Once the group decided to drop “Children” from their name they were free to explore new musical directions without such a strong brand association. The transformation wasn’t immediate (they sang The Sound of Music classic “The Lonely Goatherd” on Dream a Little Dream), but that was kind of the point.
“It’s something we talked a lot about as a band: ‘Do we want to bring our old audience with us?’” she says. “If we had gone in a wildly different direction it would have pushed away the people that really appreciated our music and were more likely to support our transition from children in lederhosen to full grown artists.”
This idea of gradual transformation is less common in business than it is in music. Many business owners view a rebrand as a big, one-time event. And yes, sometimes it’s necessary to toss everything out the window and starting over from scratch, but there’s also something to be said for introducing new elements into your brand over time. A slower brand roll-out allows your existing customer base to get used to the new direction in which you're headed without feeling left behind.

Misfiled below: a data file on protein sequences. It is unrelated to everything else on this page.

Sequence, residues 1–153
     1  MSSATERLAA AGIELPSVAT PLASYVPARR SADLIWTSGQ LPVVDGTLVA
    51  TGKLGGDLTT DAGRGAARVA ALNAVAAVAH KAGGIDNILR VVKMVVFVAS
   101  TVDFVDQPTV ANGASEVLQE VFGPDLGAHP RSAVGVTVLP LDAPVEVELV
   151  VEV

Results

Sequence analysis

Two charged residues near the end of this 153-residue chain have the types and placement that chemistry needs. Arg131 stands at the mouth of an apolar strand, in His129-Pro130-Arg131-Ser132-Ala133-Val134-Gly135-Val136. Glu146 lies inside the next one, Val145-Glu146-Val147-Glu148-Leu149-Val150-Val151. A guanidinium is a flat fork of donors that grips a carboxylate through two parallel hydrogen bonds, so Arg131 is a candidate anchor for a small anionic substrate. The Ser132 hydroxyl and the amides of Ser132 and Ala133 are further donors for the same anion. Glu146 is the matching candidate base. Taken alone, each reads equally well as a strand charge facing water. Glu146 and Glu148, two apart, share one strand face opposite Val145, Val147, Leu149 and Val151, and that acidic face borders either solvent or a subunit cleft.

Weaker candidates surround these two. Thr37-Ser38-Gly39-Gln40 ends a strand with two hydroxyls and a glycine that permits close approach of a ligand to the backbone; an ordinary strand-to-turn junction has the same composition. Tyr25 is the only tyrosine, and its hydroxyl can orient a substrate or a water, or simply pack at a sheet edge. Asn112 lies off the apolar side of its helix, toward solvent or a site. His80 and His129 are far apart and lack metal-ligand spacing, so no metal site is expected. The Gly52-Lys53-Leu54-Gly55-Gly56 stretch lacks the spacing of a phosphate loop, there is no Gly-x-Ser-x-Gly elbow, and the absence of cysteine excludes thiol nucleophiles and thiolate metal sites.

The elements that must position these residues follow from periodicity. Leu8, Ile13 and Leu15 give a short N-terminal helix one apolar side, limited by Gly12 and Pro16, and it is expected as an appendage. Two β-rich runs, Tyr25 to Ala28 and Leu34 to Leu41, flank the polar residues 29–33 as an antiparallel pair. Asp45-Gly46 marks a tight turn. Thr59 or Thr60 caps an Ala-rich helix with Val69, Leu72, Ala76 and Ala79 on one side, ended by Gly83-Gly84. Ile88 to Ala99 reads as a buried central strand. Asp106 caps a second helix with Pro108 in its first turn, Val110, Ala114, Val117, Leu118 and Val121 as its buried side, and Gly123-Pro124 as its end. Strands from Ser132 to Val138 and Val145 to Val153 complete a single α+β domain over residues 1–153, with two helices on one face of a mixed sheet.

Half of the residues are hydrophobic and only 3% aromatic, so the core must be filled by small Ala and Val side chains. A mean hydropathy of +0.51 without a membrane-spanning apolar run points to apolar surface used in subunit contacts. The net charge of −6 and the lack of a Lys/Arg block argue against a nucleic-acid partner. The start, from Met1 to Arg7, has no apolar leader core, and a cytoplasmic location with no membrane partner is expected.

Peter agrees. For musicians, at least, rebrands often occur organically and unintentionally.
“My music has changed for sure, but I think that’s just because I’ve changed as a person,” he says. “There’s no reason to be stagnant.”
If you want to sell, you need to brand.
Roni Darko has booked shows all over Oregon, including McMenamin’s White Eagle and EastBurn. From a venue point of view, a band needs an attention-grabbing brand in order to set themselves apart from all the other bands that are vying for the same spot on stage.
“When I’m searching for bands to contact, I look at two things initially: their band name, and their band photo,” Roni says. “With this, I can have an idea as to what style of music that they might play and then I’ll give them a 20 second listen and go from there.”